Three cities in California make the top-five list for drunk driving charges. A recent study suggests that drivers are more likely to be arrested for driving under the influence in San Diego and Los Angeles than anywhere else in the nation. San Francisco also made the list, coming in at number five.
The recent study, conducted by Insurance.com says that San Diego tops the list for having the highest number of DUI offenders in the nation, followed by Los Angeles. Many might think the survey results suggest that there are more drunk drivers on California roads. However, some experts say the results are just as likely the result of stricter DUI law enforcement efforts in the cities making the top of the list.
A spokesman for the Insurance Information Network of California suggests that our state is more “car-centric” than other states. In addition to the higher rates of car ownership in California, the spokesman says law enforcement agencies in California are more attuned to drunk driving enforcement than other states.
This blog has reported a number of stories regarding DUI checkpoints in the state. Many other states do not allow DUI checkpoints, either by choice, or their state Supreme Courts have ruled checkpoints unconstitutional under the individual state constitutions. Here in California, checkpoints are fairly commonplace, and funded through state and federal grants.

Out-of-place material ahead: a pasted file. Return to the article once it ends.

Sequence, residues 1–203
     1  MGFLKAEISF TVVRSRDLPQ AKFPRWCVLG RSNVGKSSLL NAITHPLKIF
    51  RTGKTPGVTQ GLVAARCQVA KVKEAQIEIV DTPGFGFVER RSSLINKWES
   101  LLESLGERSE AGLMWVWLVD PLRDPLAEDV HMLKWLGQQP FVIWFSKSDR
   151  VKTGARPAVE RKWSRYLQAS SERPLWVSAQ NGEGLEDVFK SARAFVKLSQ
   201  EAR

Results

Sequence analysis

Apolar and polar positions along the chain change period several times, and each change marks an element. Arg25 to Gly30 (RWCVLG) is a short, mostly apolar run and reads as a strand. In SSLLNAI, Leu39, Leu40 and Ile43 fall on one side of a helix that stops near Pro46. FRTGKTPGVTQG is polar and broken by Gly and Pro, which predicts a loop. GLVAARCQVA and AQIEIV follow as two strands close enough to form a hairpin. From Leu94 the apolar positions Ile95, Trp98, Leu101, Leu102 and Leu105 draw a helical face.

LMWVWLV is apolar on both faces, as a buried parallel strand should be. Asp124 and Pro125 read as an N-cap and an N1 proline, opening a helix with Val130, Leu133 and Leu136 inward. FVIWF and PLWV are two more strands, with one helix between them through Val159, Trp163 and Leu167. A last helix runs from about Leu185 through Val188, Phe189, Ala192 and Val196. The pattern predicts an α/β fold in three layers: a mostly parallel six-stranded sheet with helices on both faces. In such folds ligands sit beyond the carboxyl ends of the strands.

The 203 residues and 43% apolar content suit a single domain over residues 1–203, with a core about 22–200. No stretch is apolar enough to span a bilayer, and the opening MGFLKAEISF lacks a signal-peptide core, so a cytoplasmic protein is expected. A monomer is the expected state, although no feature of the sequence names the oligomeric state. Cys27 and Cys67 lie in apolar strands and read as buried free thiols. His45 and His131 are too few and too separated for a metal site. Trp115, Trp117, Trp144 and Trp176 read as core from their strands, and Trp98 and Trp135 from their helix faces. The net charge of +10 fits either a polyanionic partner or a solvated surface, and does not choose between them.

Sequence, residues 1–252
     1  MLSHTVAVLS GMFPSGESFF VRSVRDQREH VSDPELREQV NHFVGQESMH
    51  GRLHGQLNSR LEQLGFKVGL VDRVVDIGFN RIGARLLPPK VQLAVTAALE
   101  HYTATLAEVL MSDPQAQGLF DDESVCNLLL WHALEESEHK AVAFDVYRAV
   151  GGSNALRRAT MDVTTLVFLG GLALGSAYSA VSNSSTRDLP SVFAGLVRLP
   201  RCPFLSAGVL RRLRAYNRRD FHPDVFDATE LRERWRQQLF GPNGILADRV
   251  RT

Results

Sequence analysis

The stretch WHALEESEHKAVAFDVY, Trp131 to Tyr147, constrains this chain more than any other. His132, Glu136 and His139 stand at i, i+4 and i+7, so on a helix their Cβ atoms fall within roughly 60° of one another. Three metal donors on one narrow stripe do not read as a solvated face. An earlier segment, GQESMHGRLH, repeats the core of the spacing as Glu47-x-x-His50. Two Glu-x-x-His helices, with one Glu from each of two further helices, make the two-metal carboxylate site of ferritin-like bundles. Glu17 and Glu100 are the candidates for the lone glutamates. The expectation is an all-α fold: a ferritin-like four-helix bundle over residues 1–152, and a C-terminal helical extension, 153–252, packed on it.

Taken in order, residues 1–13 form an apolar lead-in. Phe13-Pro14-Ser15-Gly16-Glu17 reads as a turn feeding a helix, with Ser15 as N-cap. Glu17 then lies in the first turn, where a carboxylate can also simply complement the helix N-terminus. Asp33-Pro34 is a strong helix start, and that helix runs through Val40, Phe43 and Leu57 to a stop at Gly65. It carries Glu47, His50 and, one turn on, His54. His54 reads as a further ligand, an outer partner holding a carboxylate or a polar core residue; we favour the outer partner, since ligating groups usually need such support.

DUI charges are serious anywhere in the nation. Los Angeles DUI defense attorneys know that California treats drunk driving harshly, with direct exposure to fines, potential jail-time and other potential consequences, including higher insurance rates. Drivers can find the privilege to drive suspended after a DUI arrest.
There is a growing trend in California of requiring ignition interlock devices in DUI cases, as this blog discussed last month. Los Angeles County is involved in a DUI ignition interlock program. The devices can add to the high costs associated with a DUI conviction.
Source: Fox Business, “Top 20 Cities for Drunken Driving Offenders,” Susan Ladika, Dec. 21, 2011